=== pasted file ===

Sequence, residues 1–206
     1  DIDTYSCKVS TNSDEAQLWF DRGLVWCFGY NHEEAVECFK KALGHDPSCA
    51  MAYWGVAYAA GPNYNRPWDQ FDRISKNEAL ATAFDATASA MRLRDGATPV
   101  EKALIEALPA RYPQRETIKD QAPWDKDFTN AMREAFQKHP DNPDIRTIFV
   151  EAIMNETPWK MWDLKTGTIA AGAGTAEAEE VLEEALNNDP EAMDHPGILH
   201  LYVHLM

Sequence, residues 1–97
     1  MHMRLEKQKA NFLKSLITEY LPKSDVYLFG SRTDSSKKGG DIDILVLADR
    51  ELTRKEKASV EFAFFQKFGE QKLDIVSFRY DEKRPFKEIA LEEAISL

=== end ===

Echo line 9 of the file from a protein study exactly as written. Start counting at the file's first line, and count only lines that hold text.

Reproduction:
    51  ELTRKEKASV EFAFFQKFGE QKLDIVSFRY DEKRPFKEIA LEEAISL